“I bring all of me to the table. I don’t try to leave anything behind,” Charlie said. “That, for me, is what it means to be authentic and to live as your true self. The opposite of that was what I was doing when I was censoring who I am and having to compartmentalize certain aspects of my behavior.
“People have said to me before, ‘When you put your helmet on, does it matter?’ Well, no, of course it doesn’t matter what gender you are; I’m purely focused on driving the car. But it comes down to not only being able to be yourself and to let your guard down a bit, it’s knowing that people around you aren’t judging you or joking about you.”
That assurance is huge. Racing requires a driver to exert total control and maintain total focus. As Charlie notes, “The more clarity of thought you have, the more focused you can be, the less distracted you are.” It’s so important for everyone in racing to be able to be their most authentic selves, not worrying about anything but the task before them: being as fast as possible.
And Charlie has really grown these last few years. Like many people, she felt pressure to look and act certain ways when out in public.
“I used to worry as I came into transition that I had to conform to a certain level of femininity to be somebody that was coming from a position of being gendered male to wanting to be accepted as a woman,” she said. “I thought there had to be enough of a gap to create that distinction.
“When I was in the early days of transition, I probably wouldn’t do boxing [as fitness training], or I wouldn’t put it on social media because everyone will think I’m too manly. Now I just think, I’m Charlie, I’m a trans woman, and I do what I do. Take it or leave.
“That, to me, is what it’s all about—not conforming to a gender stereotype. Just being you.”
Now, The Sport Is Evolving
Motorsport has done a lot of growing up lately. It has become conscious of its position as a cisgender, straight, white, male-dominated sport and has realized it’s time to start pursuing equality. Whether it’s IndyCar developing an all-Black feeder series, Formula One introducing the We Race As One campaign, or Extreme E mandating female participation, the sport is evolving to take on a more nuanced perspective.
“Motorsport does have to evolve. It does have to become more inclusive and more of a diverse space because, ultimately, if it doesn’t, it’s not going to be relevant to future generations,” Charlie noted. “When you look at kids growing up now, they’re so much more open about their gender identity and their sexuality. If you say, look into motorsport when all other sports are trying to do what they can to be inclusive, and motorsport says no, we’re not moving forward, that’s not good.
“[These changes are] something I’ve wanted to see happen for a long time. Things are happening, and they’re happening at the right level with the right people. People who can make changes from the top down. It’s one thing when you’ve got one person. I can only make so much impact, but it’s a start. It’s about the more people that join that, the more we’ll see the momentum grow.”
The Future Is Bright
This year, Charlie will be racing in the Britcar series, an endurance racing series that challenges drivers to take on difficult tracks for hours at a time—but she does have a little advantage. Praga, a Czech manufacturer, proved so competitive in the series last year that it has been awarded its own class of racing for 2021. That essentially means that the Praga cars will be competing amongst themselves for class points as well as against other cars for overall wins. And if Praga’s domination in 2020 is any indication, Charlie is in the perfect place to further her career.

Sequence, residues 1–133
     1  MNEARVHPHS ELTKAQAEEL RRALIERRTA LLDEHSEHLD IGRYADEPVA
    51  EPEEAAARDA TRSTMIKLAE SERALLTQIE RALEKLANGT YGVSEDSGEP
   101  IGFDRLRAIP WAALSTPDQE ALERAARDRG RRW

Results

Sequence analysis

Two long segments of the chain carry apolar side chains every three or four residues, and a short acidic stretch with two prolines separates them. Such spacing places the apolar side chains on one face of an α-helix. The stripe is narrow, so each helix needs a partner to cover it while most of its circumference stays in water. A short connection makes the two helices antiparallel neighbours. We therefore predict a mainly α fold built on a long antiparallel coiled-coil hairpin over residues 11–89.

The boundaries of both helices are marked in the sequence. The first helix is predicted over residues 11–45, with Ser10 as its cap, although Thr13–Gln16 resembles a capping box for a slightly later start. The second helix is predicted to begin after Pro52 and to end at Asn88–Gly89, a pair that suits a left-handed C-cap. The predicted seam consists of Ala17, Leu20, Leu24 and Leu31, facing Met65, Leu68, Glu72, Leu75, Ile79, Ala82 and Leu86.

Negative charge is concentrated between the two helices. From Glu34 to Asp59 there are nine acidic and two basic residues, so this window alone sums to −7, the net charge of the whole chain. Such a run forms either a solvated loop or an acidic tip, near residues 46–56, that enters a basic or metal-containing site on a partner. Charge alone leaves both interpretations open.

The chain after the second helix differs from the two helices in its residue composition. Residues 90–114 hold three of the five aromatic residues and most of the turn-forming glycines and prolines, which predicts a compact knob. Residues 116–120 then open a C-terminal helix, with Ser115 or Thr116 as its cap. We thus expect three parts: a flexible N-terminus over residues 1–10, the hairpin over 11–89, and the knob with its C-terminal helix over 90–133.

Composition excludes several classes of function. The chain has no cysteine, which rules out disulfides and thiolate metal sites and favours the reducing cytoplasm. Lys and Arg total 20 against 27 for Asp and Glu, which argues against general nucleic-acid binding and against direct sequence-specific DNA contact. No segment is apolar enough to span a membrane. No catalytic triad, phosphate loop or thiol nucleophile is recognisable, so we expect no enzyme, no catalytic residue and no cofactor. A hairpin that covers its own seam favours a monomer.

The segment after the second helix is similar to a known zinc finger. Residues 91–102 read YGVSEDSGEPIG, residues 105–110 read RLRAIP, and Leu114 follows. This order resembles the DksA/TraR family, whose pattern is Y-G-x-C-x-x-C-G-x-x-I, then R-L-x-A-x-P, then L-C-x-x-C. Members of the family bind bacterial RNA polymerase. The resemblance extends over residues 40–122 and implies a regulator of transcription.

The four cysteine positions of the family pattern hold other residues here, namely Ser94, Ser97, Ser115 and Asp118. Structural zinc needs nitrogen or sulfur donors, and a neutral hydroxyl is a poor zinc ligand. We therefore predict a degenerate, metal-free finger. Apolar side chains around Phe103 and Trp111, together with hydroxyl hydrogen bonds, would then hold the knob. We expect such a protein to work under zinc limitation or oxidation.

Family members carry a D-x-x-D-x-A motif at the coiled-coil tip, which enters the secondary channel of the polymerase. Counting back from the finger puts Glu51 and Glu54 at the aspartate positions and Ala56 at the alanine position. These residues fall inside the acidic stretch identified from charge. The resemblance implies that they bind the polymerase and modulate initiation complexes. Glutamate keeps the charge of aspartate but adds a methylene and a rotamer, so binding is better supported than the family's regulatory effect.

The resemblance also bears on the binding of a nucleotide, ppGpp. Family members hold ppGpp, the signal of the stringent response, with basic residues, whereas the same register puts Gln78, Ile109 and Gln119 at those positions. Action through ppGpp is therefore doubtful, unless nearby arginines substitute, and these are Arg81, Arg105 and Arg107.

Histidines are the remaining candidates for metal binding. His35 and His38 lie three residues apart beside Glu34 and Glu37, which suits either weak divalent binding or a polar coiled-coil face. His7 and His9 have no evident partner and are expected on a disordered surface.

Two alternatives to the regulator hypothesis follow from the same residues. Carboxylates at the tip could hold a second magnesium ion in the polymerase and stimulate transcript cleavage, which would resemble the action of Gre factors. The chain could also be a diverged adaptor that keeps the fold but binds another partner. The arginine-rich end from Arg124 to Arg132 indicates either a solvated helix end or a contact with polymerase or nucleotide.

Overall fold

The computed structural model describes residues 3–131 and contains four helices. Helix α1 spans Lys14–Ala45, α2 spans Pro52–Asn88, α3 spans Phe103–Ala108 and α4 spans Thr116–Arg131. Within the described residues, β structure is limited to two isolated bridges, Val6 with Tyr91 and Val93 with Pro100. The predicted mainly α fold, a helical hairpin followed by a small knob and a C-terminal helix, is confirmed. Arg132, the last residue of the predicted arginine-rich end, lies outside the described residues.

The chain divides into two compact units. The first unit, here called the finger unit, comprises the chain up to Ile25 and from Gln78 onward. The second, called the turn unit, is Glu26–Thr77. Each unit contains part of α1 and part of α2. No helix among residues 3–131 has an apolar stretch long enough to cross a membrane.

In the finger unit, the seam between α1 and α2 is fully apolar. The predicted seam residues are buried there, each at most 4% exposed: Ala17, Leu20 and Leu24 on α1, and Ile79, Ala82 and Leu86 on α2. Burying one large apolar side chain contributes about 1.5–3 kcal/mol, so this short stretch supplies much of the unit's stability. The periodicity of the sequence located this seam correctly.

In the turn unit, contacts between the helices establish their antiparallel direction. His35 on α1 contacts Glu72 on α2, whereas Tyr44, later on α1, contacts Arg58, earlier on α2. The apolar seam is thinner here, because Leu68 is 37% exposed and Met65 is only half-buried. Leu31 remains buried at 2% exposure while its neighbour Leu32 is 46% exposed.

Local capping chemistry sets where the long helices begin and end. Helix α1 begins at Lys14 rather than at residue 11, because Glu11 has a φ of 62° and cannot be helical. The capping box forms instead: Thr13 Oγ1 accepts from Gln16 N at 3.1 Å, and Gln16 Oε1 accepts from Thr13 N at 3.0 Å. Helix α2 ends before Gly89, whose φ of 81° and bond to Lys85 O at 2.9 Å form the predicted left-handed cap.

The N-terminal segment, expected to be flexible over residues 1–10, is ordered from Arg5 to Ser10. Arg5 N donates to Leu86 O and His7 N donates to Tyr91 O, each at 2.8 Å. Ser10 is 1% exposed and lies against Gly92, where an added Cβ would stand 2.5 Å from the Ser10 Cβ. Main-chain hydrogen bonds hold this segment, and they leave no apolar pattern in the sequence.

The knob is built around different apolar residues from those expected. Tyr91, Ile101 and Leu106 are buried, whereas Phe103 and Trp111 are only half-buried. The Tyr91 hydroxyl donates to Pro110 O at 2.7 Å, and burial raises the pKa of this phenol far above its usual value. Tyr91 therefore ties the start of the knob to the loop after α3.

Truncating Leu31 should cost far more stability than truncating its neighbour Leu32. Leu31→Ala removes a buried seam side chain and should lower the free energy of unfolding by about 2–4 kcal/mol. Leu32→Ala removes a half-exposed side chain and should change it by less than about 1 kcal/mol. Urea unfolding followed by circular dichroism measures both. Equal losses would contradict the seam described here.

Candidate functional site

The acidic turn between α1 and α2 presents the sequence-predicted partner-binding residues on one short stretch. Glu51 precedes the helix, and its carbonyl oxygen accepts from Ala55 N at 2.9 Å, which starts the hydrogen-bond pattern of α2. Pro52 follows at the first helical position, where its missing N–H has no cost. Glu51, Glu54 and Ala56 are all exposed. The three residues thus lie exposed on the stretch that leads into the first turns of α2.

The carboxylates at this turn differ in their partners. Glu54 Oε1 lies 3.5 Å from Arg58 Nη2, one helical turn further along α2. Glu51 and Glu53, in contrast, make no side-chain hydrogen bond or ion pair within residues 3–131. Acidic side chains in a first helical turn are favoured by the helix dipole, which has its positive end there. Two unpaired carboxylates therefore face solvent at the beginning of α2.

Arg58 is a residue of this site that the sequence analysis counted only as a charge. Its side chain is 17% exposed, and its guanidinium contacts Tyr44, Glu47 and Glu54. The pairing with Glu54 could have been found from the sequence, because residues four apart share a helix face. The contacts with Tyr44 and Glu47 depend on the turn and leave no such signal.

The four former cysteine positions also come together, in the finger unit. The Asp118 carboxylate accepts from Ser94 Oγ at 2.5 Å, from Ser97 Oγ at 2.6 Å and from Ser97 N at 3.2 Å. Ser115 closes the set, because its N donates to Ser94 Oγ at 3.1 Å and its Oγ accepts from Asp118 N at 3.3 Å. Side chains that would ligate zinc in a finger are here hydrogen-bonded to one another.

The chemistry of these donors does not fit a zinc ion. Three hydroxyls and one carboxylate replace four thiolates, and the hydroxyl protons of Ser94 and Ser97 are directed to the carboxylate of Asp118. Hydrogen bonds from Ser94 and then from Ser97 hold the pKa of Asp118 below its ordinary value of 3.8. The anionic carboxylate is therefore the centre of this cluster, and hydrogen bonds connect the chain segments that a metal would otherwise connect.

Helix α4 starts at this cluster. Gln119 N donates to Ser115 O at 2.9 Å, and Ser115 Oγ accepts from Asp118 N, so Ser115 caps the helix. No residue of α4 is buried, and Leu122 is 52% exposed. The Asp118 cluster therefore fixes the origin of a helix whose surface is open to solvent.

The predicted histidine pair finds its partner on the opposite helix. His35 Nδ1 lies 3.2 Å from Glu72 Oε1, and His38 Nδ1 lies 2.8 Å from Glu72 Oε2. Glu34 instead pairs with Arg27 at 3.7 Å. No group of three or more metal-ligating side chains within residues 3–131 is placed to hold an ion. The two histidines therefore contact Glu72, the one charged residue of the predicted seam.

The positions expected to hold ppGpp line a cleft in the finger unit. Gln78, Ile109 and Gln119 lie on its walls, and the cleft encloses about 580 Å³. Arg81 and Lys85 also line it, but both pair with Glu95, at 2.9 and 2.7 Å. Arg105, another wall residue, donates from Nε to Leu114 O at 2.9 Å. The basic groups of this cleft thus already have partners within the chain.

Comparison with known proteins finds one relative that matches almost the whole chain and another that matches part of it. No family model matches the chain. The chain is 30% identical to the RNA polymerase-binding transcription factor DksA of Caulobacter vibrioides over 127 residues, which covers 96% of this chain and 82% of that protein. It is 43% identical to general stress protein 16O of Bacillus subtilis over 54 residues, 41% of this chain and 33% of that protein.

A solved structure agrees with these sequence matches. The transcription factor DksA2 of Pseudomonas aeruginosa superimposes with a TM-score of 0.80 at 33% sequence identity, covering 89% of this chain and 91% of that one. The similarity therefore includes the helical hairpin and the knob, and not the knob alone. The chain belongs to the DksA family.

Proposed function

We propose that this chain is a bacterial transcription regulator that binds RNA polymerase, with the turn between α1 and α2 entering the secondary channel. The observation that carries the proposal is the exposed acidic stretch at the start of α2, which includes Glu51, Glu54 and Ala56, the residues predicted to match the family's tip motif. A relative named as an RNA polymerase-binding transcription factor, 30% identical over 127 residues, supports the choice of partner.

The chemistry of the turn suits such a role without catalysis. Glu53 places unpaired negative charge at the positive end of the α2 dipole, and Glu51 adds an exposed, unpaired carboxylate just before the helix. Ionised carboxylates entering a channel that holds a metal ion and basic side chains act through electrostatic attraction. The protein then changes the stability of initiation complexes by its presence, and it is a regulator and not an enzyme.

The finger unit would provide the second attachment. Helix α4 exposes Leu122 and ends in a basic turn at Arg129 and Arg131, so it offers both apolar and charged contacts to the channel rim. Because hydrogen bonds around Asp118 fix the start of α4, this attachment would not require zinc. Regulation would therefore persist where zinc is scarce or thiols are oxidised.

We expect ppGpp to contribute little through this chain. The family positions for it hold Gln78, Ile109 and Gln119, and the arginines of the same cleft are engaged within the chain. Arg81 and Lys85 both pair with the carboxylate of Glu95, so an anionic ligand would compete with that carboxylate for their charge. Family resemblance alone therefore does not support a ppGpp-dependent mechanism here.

Which is a good thing, because her ultimate goal is a big one: Competing in the 24 Hours of Le Mans. That event, which takes place every year in France, draws some of the most accomplished names from all disciplines of racing to compete for 24 straight hours (but the drivers, of course, swap out every few hours). It would be a huge personal step for Charlie, and it would be crucial to further raise the visibility of LGBTQ+ folks in the international racing world. A competitive win in a smaller endurance racing series will prime her for the most illustrious endurance race of her life.
“ I want to be remembered as somebody who made LGBTQ+ history at Le Mans, first and foremost,” Charlie said when I asked her what she’d like to be her legacy. Then, she paused, and continued. “But also somebody who did something that was quite brave and took the opportunity they had to make things easier for people following in their footsteps. Because that’s ultimately a big part of what drives me to do what I do.
“When I was growing up, there was never anyone like me—not in motorsport, not in any careers, not in anything. I posted a video recently from Dana International. She was the first person, actually, back in 1998 when she won Eurovision Song Contest, that was trans in mainstream culture. She was so confident, stunning, and absolutely out there being amazing in front of everybody and just blowing everyone away and saying, actually, being trans is awesome! Look at her, she’s incredible!
“That was such a big moment for me in my life. I remember cutting her photo out of articles in the newspaper and things. The impact she had on me—I was spellbound. It was really something. But that was probably the only time I had one of those moments when I was young. Growing up in that kind of environment, it’s incredibly limiting being unable to see anyone like you in anything you aspire to do. It sent out a very strong message. That’s why I want to change that in motorsport. I want to be that person to the kid, someone that they can look to, so that they can know what they want to be when they’re ten years old. Not like me, where I waited until I was 30 to start transitioning. “
I’d have to say that Charlie Martin is already well on her way.